Over the past three election cycles, the Conservatives have struggled to reach the high-water mark set in 2011 when former prime minister Stephen Harper cruised to victory thanks in part to strong suburban support in the Toronto and Vancouver areas.

The seven racially diverse Conservative candidates who were elected on Monday are Leslyn Lewis in Haldimand—Norfolk and Michael Chong in Wellington—Halton Hills (two more rural parts of Ontario), Jasraj Singh Hallan in Calgary Forest Lawn, Ziad Aboultaif and Tim Uppal in Edmonton-area seats, Alain Rayes from Richmond—Arthabaska in Quebec and Marc Dalton, who identifies as Métis, in the B.C. riding of Pitt Meadows—Maple Ridge.

It’s a disappointing result for Conservative Leader Erin O’Toole, who sought to bring more BIPOC Canadians into the Conservative fold as part of a push to unseat the governing Liberals.

O’Toole stressed the importance of diversity in his Monday concession speech after it became clear that the party was poised to lose some of the diversity in its caucus.

“We will continue to put in the time showing more Canadians that they are welcome in the Conservative Party of Canada,” O’Toole said at his event in Oshawa, Ont.

“Above all, we must continue to show Canadians, whether you’re black, white, brown or from any race or creed, whether you’re LGBTQ or straight, whether you are an Indigenous Canadian or came to Canada five weeks ago or five generations ago … you have a place in the Conservative Party.”

Some racialized voters ‘nervous’ about voting Conservative: activist

Sukhi Sandhu is a former Liberal voter from Surrey, B.C. who backed the Conservatives in this campaign. He’s also co-founder of Wake Up Surrey, a grassroots anti-gang violence group.

He said he has soured on what he calls Liberal “lip-service” and “performative politics” on issues that matter to his South Asian community, such as crime and gang violence, immigration fraud and international student exploitation.

Sandhu said many racialized Canadians are frustrated with the Liberal government’s record in office — and O’Toole and his team failed to capitalize on their disillusionment.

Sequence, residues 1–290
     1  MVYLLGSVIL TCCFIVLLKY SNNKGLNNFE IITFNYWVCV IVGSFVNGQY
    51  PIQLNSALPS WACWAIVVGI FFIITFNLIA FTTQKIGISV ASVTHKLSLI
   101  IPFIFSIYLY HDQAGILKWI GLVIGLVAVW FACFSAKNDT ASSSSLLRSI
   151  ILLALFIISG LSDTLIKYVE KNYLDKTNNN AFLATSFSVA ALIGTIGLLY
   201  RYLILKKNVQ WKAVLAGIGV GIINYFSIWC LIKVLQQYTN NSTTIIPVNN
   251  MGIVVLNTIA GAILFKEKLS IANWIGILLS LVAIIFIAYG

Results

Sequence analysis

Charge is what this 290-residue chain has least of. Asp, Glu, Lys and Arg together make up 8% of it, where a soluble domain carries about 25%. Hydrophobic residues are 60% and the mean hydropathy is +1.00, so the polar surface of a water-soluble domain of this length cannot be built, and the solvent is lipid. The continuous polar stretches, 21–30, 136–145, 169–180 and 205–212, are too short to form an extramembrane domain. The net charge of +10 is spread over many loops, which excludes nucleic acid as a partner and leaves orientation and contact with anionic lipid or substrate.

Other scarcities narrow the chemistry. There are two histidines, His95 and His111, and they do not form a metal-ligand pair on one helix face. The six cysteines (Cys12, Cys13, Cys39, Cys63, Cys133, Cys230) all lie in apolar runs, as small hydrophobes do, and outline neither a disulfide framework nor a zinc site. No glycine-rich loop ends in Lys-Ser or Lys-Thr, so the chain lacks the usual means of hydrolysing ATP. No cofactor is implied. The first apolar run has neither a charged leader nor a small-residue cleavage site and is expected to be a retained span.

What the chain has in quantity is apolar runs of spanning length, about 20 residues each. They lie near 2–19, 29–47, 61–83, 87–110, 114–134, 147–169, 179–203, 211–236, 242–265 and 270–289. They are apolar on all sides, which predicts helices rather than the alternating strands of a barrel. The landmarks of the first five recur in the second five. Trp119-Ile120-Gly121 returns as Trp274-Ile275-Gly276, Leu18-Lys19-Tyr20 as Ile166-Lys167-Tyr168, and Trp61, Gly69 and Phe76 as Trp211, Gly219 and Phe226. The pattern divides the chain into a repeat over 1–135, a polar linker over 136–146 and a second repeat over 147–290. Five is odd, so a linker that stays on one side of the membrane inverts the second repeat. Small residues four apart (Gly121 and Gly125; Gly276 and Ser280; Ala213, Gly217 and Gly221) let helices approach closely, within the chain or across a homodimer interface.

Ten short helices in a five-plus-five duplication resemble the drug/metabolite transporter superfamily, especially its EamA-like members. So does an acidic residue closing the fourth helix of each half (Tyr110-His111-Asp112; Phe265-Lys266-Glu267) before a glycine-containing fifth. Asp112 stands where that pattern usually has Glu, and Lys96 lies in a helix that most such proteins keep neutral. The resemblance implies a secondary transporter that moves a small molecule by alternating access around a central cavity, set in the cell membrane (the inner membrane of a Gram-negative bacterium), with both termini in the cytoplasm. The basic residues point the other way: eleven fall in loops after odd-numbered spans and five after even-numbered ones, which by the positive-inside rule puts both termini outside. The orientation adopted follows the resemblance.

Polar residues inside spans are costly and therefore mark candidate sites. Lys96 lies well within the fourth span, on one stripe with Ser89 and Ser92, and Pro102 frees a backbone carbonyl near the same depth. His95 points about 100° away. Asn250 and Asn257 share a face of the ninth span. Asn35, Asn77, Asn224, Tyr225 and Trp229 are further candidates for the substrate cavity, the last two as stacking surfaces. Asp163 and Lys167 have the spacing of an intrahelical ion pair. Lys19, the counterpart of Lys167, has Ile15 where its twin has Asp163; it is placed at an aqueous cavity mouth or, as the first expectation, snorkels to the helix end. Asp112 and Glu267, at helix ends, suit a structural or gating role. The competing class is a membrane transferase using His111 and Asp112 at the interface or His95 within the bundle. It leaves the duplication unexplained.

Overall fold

He said that, based on conversations with his neighbours, some Canadians from diverse backgrounds are still skeptical of the Conservatives.

The party’s platform made no mention of racism or systemic discrimination — a red flag for some would-be Conservative voters, Sandhu said. During the campaign, O’Toole faced pointed questions about why “Canada’s recovery plan” had more to say about dogs and animal welfare than marginalized communities.

“People were still nervous about what the Conservative brand stood for. They were asking, ‘Do they actually value inclusion and equity?’ I’m sure many second- and third-generation immigrants were looking for a political home and the Conservative approach wasn’t compelling enough,” Sandhu told CBC News.

“The issues of systemic racism, inequity and social justice — those issues have to be paramount in every party. There’s a responsibility for the Conservative Party to engage with these issues. It’s not just about star candidates from an immigrant background. It’s not about tokenism. You’ve got to understand what your potential voter pool really cares about.

“If you’re out to lunch on this or if you have your head in the sand, then you’re going to lose at the ballot box. On systemic racism, the Conservatives need to wrap their heads around it. It’s about setting the foundation and building trusting relationships, not hollow words.”